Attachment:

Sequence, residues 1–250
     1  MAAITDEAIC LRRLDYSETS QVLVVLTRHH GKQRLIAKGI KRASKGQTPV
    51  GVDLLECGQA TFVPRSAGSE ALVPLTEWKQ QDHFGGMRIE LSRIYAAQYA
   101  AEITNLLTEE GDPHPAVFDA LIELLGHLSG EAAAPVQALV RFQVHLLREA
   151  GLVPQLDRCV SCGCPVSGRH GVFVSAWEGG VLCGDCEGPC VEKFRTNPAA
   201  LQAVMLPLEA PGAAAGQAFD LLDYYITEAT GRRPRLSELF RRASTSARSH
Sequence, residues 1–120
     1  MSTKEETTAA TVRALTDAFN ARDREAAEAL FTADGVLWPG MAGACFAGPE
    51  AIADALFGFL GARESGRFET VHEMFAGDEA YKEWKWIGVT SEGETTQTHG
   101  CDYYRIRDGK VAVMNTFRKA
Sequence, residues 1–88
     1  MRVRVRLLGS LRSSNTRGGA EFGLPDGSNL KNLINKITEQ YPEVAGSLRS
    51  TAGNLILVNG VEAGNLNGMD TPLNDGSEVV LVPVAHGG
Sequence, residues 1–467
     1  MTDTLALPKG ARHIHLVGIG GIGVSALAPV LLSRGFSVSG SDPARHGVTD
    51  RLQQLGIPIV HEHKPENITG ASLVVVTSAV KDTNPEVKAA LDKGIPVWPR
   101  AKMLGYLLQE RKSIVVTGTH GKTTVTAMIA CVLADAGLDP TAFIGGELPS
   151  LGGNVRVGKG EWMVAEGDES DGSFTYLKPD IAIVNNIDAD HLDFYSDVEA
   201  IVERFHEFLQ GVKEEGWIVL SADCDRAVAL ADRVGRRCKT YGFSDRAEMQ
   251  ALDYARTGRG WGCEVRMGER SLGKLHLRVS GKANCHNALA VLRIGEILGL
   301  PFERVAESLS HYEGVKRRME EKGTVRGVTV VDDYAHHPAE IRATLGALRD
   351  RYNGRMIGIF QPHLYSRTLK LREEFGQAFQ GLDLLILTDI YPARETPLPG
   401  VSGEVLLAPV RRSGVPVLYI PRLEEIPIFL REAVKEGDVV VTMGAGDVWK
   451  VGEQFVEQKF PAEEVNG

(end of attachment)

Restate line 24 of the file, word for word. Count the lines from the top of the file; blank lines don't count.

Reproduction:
   451  VGEQFVEQKF PAEEVNG